Eat First. Shoot Later.
Help fight obesity in America by putting down that camera, please!
When the three scientists largely responsible for inventing digital photography and fiber optic transmission received the 2009 Nobel Prize for Physics, they might have considered the mess they’ve created on photo-sharing sites and in recipients' email boxes. I speak of the scourge of food photos. It seems like every other photo I’m emailed are close-ups of what people consumed during their vacations.
A couple I know just back from a cruise sent me pictures of pancakes, cheeseburgers, onion rings, noodles, and anything fried that could fit on a stick. The one picture the couple sent of themselves had them partially concealed behind a giant gooey sundae.
With distractions like these, how do you expect people like me to stick to our diets? Facebook can be your worst enemy. The gluttony of food photos being posted on photo-sharing sites and making their way into “wish you were here” emails is out of control. Recently, a friend who visited Turkey uploaded dozens of snapshots from the breakfast buffet in her hotel. I’ve never seen so many bowls of sodium-saturated olives in my life.
Not long ago as I walked past one of Manhattan’s “famous” delicatessens (also known as a tourist trap), I spied a couple by the window using a phone-camera to take pictures of their just-arrived sandwiches. Their mundane repast would likely be available for viewing by relatives back home before the coffee cooled.
Charles K. Kao, the physicist who figured out how to get light to travel long distances through glass strands, may disagree, but I believe that corn-beef-on-rye doesn’t deserve to travel at the speed of light.
As for the two researchers at Bell Labs sharing the other half of the physics prize – Willard S. Boyle and George E. Smith, who invented the charge-coupled device used in millions of digital cameras – all I can say is that you changed humans’ relationship with what they eat. It used to be that a meal had the shelf life of … the meal! Diners savored the experience and except perhaps for a doggie bag, all that lingered was the memory. Now, dishes are preserved for eternity and available for the world to admire. It all seems unnatural, a violation of the food’s expiration date.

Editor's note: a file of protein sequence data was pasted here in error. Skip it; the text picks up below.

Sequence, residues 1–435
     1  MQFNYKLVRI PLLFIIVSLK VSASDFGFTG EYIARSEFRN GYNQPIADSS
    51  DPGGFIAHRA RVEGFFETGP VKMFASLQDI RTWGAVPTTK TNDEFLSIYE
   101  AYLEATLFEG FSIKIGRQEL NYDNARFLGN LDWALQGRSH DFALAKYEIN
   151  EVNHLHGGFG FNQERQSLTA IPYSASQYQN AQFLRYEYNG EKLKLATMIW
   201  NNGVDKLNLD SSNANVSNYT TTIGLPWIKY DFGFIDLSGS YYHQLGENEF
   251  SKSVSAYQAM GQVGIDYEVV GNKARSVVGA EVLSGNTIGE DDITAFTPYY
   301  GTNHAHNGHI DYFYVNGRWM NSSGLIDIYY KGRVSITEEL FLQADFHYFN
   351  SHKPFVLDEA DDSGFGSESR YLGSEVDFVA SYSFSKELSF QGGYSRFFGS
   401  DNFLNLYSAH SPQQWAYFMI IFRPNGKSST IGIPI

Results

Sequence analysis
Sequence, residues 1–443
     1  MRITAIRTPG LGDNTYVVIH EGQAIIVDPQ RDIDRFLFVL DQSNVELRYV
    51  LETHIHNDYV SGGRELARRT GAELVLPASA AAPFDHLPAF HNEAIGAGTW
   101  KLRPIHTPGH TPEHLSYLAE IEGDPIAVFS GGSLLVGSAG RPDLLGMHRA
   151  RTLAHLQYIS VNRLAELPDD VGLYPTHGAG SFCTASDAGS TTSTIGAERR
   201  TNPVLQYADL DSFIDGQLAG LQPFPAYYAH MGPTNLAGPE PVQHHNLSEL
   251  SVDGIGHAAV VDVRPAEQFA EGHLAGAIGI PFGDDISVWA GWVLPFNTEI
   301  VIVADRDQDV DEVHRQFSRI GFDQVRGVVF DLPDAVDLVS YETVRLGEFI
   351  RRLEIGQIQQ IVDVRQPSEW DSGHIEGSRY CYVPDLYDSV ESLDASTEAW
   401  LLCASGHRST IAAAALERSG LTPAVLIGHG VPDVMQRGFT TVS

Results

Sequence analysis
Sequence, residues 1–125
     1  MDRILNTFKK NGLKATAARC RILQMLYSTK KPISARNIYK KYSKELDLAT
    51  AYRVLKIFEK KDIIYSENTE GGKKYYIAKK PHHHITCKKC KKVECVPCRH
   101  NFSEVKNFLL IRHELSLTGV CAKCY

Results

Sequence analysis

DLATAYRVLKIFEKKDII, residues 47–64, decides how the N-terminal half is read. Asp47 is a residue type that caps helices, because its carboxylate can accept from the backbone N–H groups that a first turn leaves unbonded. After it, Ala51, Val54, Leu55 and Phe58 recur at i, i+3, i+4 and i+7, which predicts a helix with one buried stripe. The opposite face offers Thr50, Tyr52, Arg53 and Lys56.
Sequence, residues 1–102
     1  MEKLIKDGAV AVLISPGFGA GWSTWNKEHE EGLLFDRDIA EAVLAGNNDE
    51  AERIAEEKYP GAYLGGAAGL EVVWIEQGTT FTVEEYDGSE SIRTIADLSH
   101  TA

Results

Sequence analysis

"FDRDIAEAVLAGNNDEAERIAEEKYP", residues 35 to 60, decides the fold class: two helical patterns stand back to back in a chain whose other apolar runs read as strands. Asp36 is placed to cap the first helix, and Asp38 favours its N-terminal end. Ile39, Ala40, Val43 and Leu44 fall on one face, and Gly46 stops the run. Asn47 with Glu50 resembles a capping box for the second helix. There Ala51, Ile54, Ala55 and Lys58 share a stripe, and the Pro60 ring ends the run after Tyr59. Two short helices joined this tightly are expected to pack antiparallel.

With digital memory cheap and plentiful, nothing in the camera ever seems to get deleted anymore. The erase buttons on many cameras have atrophied for lack of use. That may explain why every out-of-focus soufflé and over-exposed quiche stays put. High-caloric, high-resolution food images of dubious distinction fill up vacationers’ cameras. Memory cards pile up. Image files get copied to their computers, and the megabytes clutter up hard drives.
Guilty, too, are the camera makers. Point `n shoots often contain a food mode for capturing vittles up close and flash-free. It’s hard to miss. On the menu of some Nikon Coolpix models is a knife and fork icon. Don’t be surprised if expanded menus one day include an icon of plastic utensils for shooting a picnic, a spork for a photogenic soup and salad, a swizzle stick for cocktail portraits, and a clogged artery for framing the perfect drippy corn dog.
Instead, why can’t someone invent a camera that refuses to record food images, especially desserts with gobs of whipped cream? You’ve heard of cameras that won’t take the picture until the subject’s face smiles? How about a model with pie recognition? The camera would identify wedge-shaped objects suffused in white goo and simply lock the shutter.
With everyone and their mama packing a digital camera, pundits might dub these times the Golden Age of Food Photography. To them I say, enough already!
Now that digital photography and fiber optic transmission have made it possible for millions of amateur food portraitists to spread their wings, I don’t expect people to go back to the parsimony of film and the deferred gratification of snail mail. All I ask from you foodie photographers run amuck is a little self-restraint. I’m trying to lose a little weight here, people! Is it really appropriate to flaunt your gluttony to anyone with an Internet connection?
Treating food as fodder for thoughtless photography must stop. At least until there’s universal health care.